All Over but the Reading

The Replacements: All Over but the Shouting by Jim Walsh. 2007. Voyageur Press. $14.99 US $ 8.99 UK $18.99 CAN.

This book is a great oral history account of the Replacements’ “career.”

Comprised mostly of recent interviews conducted by the author, the narrative also includes old quotes from band members and material straight out of the archives of newspapers, magazines and fanzines. And of course the odd comment from the likes of Bob Dylan and Greil Marcus.

The book gives a lot of insight into the Minneapolis music scene and the wider American underground milieu of the 1980s, from the people who were actually there.

Walsh’s work highlights the debate over what would have happened if the Replacements had acted a bit more like they actually wanted to be successful, or if they had come along in the early 1990s instead of paving the way for later alternative acts in the 1980s.

Here is Ken Ornberg discussing that very issue on page 215:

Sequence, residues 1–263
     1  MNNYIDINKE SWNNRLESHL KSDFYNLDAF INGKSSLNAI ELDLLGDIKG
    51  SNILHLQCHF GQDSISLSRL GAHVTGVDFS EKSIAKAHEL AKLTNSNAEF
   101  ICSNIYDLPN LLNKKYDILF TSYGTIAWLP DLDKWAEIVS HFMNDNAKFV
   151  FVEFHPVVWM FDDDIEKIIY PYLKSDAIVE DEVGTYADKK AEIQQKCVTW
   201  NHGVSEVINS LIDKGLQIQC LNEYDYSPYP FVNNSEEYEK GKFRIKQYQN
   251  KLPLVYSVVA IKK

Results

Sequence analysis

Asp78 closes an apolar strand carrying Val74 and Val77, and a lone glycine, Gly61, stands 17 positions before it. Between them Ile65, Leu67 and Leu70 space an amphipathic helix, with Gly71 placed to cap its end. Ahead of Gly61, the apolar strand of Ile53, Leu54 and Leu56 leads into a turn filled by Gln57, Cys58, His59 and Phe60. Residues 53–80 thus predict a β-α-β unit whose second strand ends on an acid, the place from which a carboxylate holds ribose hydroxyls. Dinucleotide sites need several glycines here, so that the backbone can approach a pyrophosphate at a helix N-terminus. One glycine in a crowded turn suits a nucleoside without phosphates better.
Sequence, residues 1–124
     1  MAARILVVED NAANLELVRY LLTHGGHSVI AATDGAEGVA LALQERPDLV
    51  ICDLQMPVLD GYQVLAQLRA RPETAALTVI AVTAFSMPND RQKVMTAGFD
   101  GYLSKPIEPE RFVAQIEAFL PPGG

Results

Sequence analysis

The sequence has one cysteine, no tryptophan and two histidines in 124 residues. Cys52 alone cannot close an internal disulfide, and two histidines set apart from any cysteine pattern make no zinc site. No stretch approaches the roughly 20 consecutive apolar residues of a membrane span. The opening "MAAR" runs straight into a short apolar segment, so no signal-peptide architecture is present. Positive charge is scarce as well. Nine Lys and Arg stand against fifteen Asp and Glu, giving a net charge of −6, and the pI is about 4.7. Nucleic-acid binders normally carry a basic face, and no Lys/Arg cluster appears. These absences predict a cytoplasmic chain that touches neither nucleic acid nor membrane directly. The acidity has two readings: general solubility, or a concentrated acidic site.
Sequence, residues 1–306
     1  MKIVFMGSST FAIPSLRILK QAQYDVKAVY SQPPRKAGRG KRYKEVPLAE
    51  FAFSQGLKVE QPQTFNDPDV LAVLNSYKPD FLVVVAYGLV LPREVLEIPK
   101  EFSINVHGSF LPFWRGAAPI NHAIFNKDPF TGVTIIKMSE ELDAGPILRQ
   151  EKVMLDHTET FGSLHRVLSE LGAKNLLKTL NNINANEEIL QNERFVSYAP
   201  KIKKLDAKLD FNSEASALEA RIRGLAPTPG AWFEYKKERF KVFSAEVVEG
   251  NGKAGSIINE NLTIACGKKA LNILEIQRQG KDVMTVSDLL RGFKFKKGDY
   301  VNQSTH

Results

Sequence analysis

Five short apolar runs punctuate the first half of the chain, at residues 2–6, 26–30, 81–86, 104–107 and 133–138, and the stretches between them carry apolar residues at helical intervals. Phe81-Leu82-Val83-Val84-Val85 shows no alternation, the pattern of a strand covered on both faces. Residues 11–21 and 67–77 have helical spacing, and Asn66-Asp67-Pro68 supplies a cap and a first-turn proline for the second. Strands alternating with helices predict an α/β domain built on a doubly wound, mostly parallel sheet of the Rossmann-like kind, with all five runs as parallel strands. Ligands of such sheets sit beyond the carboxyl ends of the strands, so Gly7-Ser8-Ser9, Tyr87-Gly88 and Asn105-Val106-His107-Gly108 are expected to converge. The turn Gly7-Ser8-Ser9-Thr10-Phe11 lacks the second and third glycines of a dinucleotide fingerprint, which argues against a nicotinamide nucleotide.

It was an exciting time, working on “I’ll Be You.” It’s a romantic cliché to say, “a band ahead of its time,” but they really were. If that band would have come out with those records another generation later, I really think they’d talk about Paul [Westerberg] the way they talk about Kurt Cobain. That band would have half a dozen number-one records.

The Replacements played their last show a couple months before Nirvana’s Nevermind was released. Although they put away their instruments before underground music would explode into the mainstream, they did manage to last over a decade.

And on page 261 here’s what frontman Paul Westerberg told Rolling Stone in 1989:

Whatever happened to all the punk bands? All the bands that we opened for and played with: Black Flag, Minutemen, Youth Brigade, Seven Seconds, Husker Du, Effigies, all the fucking hardcore bands. There isn’t a damn one of them left. We fucking outlasted the whole stinking lot of posers, and all the time they gave us shit for having plaid shirts and hair.

Yup, the Replacements wore plaid and flannel and had hair. And they had a very slacker attitude. This attitude is very reminiscent of a certain style coming out of the Pacific Northwest at the start of the 1990s, and also with this blog post on the internet in 2010. So instead of me pushing on with further summary of this book, just go ahead and read it for yourself.

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